WASHINGTON (Nov. 3)
The condition of Jews in the Arab world varies from outright persecution in Syria and Iraq to full freedom, equality and respect in Morocco and Lebanon, the Washington Post reported today. A survey of the 3,000-mile Arab belt from the Persian Gulf to the Atlantic by correspondent William Tuohy indicated however even where Jews are relatively well off, they are increasingly apprehensive because of the Arab-Israel conflict. In those Arab countries that permit emigration, the Jewish communities have decreased markedly in size and Jews continue to leave in large numbers, Mr. Tuohy said.
He reported that the plight of Jews is worst in Iraq where at least a dozen have been hanged during the past 12 months on charges of spying for Israel and the United States. “Iraq Jews are forbidden to travel. There are severe restrictions on Jewish businesses and bank loans. Jews may not enter the university. Mail and telephone calls are censored. Arrests are made without charges,” Mr. Tuohy reported. He said the Iraqi Jewish community, which once numbered 130,000, the largest in the Middle East, is now down to about 3,500. But virtually all of the emigration occurred prior to 1951 when the Iraqi authorities restricted the departure of Jews.
“In Syria the situation is similar because of restrictions placed on the 2.500 to 4.000 Jews remaining,” Mr. Tuohy wrote. He said diplomatic sources in Damascus contradict claims by Syrian authorities that there is no discrimination against Jews.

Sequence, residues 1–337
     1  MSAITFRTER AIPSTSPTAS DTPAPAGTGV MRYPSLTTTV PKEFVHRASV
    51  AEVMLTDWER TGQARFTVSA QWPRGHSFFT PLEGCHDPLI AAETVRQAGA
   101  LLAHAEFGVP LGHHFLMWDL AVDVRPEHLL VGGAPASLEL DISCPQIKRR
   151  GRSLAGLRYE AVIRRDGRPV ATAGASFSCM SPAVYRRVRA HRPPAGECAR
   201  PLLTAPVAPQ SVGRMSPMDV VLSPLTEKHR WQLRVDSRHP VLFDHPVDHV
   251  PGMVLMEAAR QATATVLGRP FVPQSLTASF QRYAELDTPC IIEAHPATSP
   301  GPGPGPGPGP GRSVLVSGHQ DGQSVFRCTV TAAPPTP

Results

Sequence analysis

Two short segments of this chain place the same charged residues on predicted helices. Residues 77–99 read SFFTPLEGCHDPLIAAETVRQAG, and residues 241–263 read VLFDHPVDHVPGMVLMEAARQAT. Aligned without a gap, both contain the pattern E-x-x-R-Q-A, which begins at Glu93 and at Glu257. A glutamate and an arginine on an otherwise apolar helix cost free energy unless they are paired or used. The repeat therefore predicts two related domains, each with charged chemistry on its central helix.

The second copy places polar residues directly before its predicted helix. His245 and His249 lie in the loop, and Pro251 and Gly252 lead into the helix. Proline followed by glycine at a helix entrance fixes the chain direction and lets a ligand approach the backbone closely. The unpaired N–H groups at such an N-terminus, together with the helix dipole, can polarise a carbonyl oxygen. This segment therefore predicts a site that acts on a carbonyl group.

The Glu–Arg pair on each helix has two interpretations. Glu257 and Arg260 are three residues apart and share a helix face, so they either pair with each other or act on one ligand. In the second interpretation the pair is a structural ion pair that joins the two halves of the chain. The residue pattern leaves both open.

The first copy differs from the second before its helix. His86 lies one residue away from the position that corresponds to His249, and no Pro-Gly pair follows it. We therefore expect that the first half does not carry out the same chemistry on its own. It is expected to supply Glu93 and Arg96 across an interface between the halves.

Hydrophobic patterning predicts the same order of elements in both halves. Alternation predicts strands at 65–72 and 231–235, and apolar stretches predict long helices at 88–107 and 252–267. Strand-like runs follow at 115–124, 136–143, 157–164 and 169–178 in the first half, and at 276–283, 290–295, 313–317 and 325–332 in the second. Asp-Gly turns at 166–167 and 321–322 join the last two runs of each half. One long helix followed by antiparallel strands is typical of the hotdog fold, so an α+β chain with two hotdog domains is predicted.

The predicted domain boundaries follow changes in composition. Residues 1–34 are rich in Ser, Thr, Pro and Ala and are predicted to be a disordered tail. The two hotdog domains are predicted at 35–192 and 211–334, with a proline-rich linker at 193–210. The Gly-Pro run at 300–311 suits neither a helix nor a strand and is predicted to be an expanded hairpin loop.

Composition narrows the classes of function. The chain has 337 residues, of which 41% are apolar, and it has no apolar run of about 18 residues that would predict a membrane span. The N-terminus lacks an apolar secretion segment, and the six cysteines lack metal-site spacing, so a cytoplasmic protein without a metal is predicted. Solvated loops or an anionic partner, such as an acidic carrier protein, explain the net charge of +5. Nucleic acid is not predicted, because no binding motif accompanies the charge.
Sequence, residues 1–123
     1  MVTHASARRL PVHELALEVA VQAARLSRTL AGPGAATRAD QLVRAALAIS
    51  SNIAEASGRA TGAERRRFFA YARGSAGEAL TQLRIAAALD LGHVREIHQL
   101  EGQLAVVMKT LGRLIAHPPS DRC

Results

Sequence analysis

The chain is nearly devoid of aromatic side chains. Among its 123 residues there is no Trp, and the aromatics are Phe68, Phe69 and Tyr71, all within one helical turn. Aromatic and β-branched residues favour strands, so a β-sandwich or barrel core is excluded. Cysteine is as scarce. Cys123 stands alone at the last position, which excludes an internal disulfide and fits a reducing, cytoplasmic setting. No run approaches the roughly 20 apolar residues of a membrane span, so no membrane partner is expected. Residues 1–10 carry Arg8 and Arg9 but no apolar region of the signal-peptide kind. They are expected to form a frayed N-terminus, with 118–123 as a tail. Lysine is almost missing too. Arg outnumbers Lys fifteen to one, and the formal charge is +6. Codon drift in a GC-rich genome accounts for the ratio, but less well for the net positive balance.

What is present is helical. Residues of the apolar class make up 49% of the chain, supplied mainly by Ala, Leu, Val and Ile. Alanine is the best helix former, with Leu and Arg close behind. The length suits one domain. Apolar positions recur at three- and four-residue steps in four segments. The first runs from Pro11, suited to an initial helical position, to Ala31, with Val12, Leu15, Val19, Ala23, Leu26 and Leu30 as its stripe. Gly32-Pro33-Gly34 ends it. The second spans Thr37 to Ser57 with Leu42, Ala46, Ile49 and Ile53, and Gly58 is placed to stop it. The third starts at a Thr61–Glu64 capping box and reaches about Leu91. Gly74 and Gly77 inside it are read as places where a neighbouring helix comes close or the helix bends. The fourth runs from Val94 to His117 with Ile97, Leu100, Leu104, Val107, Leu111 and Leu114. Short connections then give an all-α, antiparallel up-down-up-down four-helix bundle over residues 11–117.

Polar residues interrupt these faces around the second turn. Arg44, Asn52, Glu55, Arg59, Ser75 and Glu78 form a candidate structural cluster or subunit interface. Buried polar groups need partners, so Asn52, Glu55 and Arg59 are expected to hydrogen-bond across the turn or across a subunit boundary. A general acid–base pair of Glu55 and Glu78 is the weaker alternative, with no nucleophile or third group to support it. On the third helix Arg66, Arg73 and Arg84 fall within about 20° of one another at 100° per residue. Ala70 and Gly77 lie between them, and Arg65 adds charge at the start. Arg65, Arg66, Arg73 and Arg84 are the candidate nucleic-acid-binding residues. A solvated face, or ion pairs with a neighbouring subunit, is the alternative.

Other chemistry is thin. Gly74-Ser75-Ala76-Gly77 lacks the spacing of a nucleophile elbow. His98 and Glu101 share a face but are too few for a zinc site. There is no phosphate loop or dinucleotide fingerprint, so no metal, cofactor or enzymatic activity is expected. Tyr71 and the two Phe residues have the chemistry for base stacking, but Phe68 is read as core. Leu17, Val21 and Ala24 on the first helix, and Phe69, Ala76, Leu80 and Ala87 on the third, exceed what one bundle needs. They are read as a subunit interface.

In Egypt, only about 1,000 Jews remain out of 80,000 who lived there 20 years ago. Male heads of families were jailed after the June, 1967 Six-Day War and about 90 are still imprisoned, Mr. Tuohy said. “Yet life for Jews in Egypt is better than in Iraq or Syria.”
Among the Middle East countries, conditions are best for 4,000 Jews remaining in Lebanon. “They have full rights along with the other citizens, Christian and Moslem,” Mr. Tuohy wrote. He said that according to one Jewish lawyer in Beirut, the only discrimination comes from American, British and French firms who are afraid to hire local Jewish executives.
Apart from Lebanon, the condition of Jews improves as the distance increases from the center of the Arab-Israel conflict. In Morocco, the 45,000 Jews remaining out of what was once a community of over 225,000 “are considered loyal subjects and they can–and do–hold public office,” Mr. Tuohy said. But Jews in Rabat told him that “our co-existence has been undeniably damaged by the State of Israel.”
According to the correspondent, moderate Arab Amplers deplore the wholesale departure of Jews which deprives their countries of some of their most valuable citizens–doctors, lawyers, technicians and merchants. In Algeria, the former Jewish community of 140,000 has dwindled to 2,000, not because of discrimination but because most Jews regarded themselves as Frenchmen and went to France when Algeria achieved independence in 1962.
Jews are leaving Tunisia, where they have been well treated, because of the collectivization policies of President Habib Bourguiba. “In Libya practically no Jews remain of the 35,000 who lived there in 1948. The country’s economy is said to have suffered because most of the import-export business was run by Jewish merchants,” Mr. Tuohy reported.